A local legislator said what will come out of the fight over funding for K-12 education in the state is anyone’s guess, at this point.
“I’m going to be bluntly honest with you, like I have been before, ” Rep. Kris Hansen said from Helena during a legislative video conference in Havre Wednesday. “What is going on right now, in levels above my pay grade right now, is that (legislative) leadership and the governor are fighting out what the end product is going to look like.”
Havre Public Schools Clerk Zella Witter asked Hansen about several bills dealing with K-12 funding, including some she said caught the district by surprise.
Hansen said that is the result of the negotiations going on between the House, the Senate and the governor.
“In order to make that happen, truthfully there are some bills that were fooled around with, ” she said.
Hansen reiterated a comment she made last week, that she wants to meet after the session with representatives of Montana State University-Northern, the state board of regents and K-12 education to find a better way to fund the systems.
Hansen is unhappy with the process, including that K-12 is seeing a funding increase with a decrease in enrollment, while higher education is seeing a cut with an increase in enrollment, Hansen said.
“I wasn’t sure how all the pieces would fit together in the end until now that I’m seeing it, ” she said. “I’m very discouraged with the way that we’ve prioritized the education funding this time. At this late date there’s not much that can be done about it, except now I know what not to do next time, if you vote for me next time. ”
The House was voting Wednesday on two bills into which the Senate had inserted education funding, and already had sent one to conference committee and would be sending the other to committee in the afternoon, Hansen said during the noon video conference.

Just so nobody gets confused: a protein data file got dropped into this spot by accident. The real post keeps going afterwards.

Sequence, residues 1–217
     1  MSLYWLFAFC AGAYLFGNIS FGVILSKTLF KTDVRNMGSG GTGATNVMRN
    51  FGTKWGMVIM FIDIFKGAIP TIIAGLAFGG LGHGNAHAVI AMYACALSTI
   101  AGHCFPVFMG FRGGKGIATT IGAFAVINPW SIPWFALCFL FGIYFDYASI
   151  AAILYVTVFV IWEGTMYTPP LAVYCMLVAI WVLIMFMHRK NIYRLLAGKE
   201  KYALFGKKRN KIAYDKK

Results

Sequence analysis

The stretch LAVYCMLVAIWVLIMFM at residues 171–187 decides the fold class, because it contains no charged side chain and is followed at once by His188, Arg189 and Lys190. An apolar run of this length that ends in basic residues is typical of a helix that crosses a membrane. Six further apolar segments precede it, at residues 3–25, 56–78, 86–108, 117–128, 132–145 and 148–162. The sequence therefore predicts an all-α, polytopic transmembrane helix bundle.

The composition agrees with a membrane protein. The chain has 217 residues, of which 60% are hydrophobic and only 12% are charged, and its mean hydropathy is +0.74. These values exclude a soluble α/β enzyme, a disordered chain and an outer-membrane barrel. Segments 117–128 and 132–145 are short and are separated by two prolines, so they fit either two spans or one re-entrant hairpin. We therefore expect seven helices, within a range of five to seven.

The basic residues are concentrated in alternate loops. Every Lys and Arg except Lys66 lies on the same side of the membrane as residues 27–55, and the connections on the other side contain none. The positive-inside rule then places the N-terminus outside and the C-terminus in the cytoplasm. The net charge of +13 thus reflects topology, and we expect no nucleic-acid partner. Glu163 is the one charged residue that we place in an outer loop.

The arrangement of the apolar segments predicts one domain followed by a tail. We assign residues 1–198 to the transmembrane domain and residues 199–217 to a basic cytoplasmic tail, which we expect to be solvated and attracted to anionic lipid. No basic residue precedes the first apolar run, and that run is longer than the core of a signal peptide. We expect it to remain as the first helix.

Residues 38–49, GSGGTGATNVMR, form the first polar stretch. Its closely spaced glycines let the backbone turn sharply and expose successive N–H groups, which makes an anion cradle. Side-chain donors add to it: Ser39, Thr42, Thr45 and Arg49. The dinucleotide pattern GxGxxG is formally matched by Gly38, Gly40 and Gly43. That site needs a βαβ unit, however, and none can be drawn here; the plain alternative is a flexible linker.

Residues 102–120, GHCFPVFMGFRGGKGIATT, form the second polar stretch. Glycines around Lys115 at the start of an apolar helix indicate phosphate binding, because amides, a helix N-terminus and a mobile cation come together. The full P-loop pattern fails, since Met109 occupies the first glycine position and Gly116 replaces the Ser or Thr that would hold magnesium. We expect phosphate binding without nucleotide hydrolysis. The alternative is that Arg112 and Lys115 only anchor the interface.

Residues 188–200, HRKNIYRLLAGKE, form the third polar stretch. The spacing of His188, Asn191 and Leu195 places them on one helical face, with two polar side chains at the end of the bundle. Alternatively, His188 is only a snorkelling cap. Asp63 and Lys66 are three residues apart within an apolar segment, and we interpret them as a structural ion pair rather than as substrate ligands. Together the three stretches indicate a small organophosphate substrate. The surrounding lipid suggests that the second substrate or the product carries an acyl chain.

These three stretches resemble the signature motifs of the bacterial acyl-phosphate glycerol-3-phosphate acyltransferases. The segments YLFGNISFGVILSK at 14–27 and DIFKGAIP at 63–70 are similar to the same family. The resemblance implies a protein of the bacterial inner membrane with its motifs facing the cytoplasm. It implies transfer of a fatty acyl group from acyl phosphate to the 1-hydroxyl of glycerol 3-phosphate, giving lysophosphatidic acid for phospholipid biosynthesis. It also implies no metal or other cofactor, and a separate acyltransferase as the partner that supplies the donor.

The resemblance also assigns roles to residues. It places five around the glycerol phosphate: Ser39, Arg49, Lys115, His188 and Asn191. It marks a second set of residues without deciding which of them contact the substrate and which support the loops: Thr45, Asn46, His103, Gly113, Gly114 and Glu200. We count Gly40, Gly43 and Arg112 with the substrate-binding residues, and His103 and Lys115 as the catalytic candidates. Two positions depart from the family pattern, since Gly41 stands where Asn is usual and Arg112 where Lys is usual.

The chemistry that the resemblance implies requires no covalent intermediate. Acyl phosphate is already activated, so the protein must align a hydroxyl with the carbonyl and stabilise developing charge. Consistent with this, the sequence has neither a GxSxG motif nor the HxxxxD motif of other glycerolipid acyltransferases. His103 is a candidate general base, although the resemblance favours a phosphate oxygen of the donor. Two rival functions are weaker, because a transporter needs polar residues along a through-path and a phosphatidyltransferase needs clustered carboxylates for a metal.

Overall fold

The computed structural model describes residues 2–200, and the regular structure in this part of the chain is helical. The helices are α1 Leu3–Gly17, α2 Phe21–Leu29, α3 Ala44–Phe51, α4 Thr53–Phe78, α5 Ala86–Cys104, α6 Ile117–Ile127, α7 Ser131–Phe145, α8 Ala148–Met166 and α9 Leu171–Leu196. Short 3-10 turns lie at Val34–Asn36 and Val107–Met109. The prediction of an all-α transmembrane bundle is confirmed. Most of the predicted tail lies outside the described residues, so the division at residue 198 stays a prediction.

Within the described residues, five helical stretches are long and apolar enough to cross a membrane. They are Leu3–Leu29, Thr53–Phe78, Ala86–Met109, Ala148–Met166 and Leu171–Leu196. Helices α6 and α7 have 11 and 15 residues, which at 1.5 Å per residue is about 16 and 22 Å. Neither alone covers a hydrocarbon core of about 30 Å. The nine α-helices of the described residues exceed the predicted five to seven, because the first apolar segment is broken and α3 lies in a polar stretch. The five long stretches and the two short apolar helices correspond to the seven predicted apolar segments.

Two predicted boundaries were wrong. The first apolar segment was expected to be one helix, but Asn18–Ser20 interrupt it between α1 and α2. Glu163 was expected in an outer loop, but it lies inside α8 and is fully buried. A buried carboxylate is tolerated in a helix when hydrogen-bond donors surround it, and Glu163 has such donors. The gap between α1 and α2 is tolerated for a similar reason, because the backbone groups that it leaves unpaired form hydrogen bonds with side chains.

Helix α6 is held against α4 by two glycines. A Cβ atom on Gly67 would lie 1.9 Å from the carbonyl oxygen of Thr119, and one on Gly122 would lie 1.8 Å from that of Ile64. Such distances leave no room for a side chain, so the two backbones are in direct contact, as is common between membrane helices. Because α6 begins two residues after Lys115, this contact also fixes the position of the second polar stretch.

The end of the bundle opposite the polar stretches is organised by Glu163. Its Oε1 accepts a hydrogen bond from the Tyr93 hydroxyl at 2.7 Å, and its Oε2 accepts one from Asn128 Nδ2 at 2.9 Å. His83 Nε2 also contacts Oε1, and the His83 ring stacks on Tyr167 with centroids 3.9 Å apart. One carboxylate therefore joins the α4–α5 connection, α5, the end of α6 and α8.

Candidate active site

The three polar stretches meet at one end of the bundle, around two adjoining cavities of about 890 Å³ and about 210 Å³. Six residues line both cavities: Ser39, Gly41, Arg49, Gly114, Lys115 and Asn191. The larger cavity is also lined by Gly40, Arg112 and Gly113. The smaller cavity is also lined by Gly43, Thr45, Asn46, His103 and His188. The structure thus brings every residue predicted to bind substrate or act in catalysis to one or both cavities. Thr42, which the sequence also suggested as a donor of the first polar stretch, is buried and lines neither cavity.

“That’s the Senate’s reaction to the bill that’s actually in the House, ” she said. “They were disappointed, or mad, or something, about what they thought the House was going to do and so they stuffed things for education into two (House) bills that didn’t have anything to do with education. …
“So we will have three bills in conference committee that have had education funding stuffed into them, ” she said.
Hansen said she hopes the final product will be close to the bill drafted in the House, because it does the most to protect schools in the east that rely on oil and gas funding.
“I know everybody, all the schools, are not a hundred percent happy with it, because it only represents about that 1 percent increase (to previous funding) but we, in the House at least, we thought that was the best way to compromise without doing too much damage to oil and gas counties and schools.
“But whether the governor will agree with that or not is anybody’s guess, ” she added. “I don’t even know if the Senate will agree with that. ”